Montclair Bread Company has a new name (Rabble Rise); a second location (New Paltz, New York) and a new laser focus on donuts.
The creative confections, which owner Rachel Wyman whipped up out of brioche dough on a slow day in 2012, are now the only menu item aside from a few other breakfast noshes available at the two Rabble Rise locations. There are no more lunch rolls or grain breads; A streamlined menu serves the Montclair location and the New Paltz store, formerly Gunkin’ Donuts.
And consumers, retailers, restaurants and bakeries across the country can now order Naked Donut Kits — six snap-frozen donuts in packets of toppings and icing — to serve or sell.
The “Montclair Bread Company” name has been a bit of a misnomer for years, as Wyman and donut lovers enthusiastically embrace their whimsically decorated creations, sometimes tied to holidays or cultural themes, like Obi Wan cannoli and Chewbacca for Star Wars Day. Their donut batter also stands out for its minimal, “clean” ingredients—coconut sugar, unbleached flour, olive oil, salt, and water. (The toppings are another story.)
Montclair Bread Company donuts have been tweeted by politicians and celebrities, described in national publications and featured on national news programs.
But as the bakery field filled up, Wyman said she realized the need to focus strictly on “what I do better than anyone else — donuts and all the innovation and creativity around them.”
“Bread was eclipsed,” she said. “It’s only 10% of sales, but it took 70% of our work. It’s so time consuming. Donuts are faster and the dough is less fiddly.”
Additionally, making different types of bread requires storing many large bags of grain, while making donuts only requires one, Wyman said. The extra space will allow her to produce even more donuts; It now produces about 7,000 a week in Montclair and 2,000 in New Paltz.
She will also have more space for catering, hosting special events, cooking classes and donut decorating parties.
Wyman currently supplies donuts to Le French Dad Bakery in Montclair, farmers markets in New York City and several wholesale stores in upstate New York. With the increased capacity and additional location, it will be able to serve a broader spectrum in the tri-state area and nationally.
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She also wants to bring Naked Donuts kits to supermarket chains and hopes to open Rabble Rise locations in other “donuts wastelands.”
Meanwhile, the triathlete and climber is relocating her primary residence from Montclair to New Paltz, where she and partner Brad Barket, a professional photographer who also runs youth running programs, recently bought a home. Two of their three children will start school there in the fall.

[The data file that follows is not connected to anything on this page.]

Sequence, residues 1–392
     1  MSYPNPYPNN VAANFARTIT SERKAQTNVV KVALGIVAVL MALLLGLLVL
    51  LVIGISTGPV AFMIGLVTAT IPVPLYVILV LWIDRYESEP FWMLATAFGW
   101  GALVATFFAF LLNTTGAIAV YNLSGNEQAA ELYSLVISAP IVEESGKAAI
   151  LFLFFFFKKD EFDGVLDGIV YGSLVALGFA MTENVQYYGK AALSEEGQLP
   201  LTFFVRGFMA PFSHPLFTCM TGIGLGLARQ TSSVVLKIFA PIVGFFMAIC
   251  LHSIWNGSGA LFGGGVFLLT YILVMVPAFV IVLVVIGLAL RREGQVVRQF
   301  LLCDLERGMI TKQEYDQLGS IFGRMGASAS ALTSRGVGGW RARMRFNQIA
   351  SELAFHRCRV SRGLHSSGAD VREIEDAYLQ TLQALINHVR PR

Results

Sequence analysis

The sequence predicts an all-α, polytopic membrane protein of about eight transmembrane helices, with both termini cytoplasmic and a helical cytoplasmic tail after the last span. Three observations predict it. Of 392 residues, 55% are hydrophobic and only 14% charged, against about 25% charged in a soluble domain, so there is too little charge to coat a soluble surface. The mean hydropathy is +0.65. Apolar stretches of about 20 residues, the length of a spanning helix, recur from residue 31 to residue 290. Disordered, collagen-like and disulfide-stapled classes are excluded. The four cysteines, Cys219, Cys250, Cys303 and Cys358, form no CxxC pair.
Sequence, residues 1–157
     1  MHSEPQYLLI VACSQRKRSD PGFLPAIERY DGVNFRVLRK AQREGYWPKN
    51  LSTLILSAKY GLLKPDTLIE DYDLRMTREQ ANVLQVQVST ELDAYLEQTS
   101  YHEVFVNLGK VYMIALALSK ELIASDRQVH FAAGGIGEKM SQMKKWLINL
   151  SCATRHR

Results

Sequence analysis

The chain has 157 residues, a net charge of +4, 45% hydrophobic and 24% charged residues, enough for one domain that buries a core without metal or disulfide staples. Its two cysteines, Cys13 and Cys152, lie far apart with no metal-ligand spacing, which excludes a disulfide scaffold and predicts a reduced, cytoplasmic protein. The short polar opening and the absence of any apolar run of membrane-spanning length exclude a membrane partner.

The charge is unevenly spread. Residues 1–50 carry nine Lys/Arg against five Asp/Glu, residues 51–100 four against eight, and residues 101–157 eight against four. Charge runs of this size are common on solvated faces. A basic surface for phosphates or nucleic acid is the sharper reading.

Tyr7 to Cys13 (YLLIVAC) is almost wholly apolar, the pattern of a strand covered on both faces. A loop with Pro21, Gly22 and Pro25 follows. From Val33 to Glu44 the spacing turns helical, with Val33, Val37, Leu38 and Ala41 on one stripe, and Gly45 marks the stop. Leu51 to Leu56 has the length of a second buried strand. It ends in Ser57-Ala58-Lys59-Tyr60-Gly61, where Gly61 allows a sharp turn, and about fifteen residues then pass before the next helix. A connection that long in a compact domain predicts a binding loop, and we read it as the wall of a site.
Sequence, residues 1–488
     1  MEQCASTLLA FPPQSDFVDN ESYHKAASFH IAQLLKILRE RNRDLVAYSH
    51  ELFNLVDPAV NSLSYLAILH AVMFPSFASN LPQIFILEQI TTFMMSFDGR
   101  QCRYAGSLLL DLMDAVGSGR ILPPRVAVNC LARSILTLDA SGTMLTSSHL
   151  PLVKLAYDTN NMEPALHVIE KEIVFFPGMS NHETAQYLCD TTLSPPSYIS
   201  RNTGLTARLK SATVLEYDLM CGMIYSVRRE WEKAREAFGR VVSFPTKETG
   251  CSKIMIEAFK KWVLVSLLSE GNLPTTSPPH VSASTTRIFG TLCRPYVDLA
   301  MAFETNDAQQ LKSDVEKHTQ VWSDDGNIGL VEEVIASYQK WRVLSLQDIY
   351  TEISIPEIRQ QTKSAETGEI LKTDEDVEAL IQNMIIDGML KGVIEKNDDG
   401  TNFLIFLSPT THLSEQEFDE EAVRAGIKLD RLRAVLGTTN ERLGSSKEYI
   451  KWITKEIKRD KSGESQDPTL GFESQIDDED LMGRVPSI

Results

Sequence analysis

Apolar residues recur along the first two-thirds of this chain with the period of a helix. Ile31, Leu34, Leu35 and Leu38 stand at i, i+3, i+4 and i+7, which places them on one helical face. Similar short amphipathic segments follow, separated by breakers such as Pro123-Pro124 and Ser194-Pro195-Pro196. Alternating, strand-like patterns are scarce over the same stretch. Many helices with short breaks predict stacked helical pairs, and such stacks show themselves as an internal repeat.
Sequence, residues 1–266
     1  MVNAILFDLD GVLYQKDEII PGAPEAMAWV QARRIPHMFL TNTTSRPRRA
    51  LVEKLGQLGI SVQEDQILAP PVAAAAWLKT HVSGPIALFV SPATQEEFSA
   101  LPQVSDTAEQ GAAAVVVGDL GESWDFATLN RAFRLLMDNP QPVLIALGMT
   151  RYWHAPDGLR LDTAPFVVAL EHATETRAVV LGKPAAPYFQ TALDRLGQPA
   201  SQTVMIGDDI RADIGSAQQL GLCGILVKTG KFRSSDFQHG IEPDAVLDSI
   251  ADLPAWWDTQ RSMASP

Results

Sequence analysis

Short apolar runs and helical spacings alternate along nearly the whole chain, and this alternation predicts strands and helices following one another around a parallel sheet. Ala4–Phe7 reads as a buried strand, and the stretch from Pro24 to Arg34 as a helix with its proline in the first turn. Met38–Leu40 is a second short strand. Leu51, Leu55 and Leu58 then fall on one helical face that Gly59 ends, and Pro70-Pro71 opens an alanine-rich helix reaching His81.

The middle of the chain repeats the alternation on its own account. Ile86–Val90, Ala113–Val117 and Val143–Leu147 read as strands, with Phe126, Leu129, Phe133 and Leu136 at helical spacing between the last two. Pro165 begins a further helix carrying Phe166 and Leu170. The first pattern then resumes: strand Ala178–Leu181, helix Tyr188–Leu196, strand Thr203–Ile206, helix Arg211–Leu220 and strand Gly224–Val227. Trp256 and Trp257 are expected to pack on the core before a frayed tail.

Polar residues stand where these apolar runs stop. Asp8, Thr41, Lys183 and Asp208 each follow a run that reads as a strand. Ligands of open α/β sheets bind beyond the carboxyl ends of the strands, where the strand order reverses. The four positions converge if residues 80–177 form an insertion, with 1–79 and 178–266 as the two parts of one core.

But she will remain present at the Rabble Rise store in the former Motor Vehicles Inspection Station on Label Street and will continue to fundraise for organizations like Planned Parenthood and Black Lives Matter; On Thursday, she’s hosting a donut decorating event for teens for OUT Montclair. In 2019, during the government shutdown, she brought donuts to thousands of unpaid TSA agents at Newark Airport.
Occasional Friday pizza nights, when she drives a copper pizza oven onto the patio and musicians play, continue. So has the annual 5K Donut Run, which over the past nine years has raised more than $100,000 for local charities and hosted more than 15,000 runners.
She and Ironbound Farm owner Charles Rosen, who supplies the eggs for Wyman’s donuts, are also working to bring a small farmers’ market to their patio this summer.
Another collaboration was recently started with Paper Plane Coffee. Rabble Rise will supply croissants and danishes to its store and serve Paper Plane coffee in its Montclair and New Paltz stores.
“It’s really cool that we’re serving coffee in New Paltz that’s roasted in Montclair,” she said.
For Wyman, who fell in love with the Hudson River Valley at the Culinary Institute of America, where she majored in cake decorating, moving to New Paltz means coming full circle.
And it’s the perfect place to train and compete. She just completed the Boston Marathon and is training this fall for the Survival of the Shawangunks triathlon — a 32-mile bike ride, three-mile swim across three lakes, and 30-mile run.
To relax, she climbs.
“It’s like solving a jigsaw puzzle; that’s how my brain likes to think,” she said. “It forces me to slow down.”
Julia Martin received the 2021 David Carr Award from the New Jersey Society for Professional Journalists for her coverage of Montclair for NorthJersey.com.
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